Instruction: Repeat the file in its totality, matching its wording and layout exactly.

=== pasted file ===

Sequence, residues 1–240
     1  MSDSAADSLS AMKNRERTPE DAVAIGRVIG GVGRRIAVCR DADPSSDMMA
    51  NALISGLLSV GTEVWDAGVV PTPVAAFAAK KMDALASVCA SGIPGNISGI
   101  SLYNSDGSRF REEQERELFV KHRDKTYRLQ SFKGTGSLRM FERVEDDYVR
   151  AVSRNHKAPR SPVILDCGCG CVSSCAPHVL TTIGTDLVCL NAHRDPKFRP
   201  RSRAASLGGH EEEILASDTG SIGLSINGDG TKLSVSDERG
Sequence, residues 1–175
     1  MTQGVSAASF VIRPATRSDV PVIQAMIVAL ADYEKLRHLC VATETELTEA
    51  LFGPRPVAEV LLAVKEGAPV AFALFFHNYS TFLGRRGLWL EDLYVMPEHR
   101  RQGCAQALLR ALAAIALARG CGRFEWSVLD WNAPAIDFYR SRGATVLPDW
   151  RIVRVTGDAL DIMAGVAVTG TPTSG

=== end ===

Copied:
Sequence, residues 1–240
     1  MSDSAADSLS AMKNRERTPE DAVAIGRVIG GVGRRIAVCR DADPSSDMMA
    51  NALISGLLSV GTEVWDAGVV PTPVAAFAAK KMDALASVCA SGIPGNISGI
   101  SLYNSDGSRF REEQERELFV KHRDKTYRLQ SFKGTGSLRM FERVEDDYVR
   151  AVSRNHKAPR SPVILDCGCG CVSSCAPHVL TTIGTDLVCL NAHRDPKFRP
   201  RSRAASLGGH EEEILASDTG SIGLSINGDG TKLSVSDERG
Sequence, residues 1–175
     1  MTQGVSAASF VIRPATRSDV PVIQAMIVAL ADYEKLRHLC VATETELTEA
    51  LFGPRPVAEV LLAVKEGAPV AFALFFHNYS TFLGRRGLWL EDLYVMPEHR
   101  RQGCAQALLR ALAAIALARG CGRFEWSVLD WNAPAIDFYR SRGATVLPDW
   151  RIVRVTGDAL DIMAGVAVTG TPTSG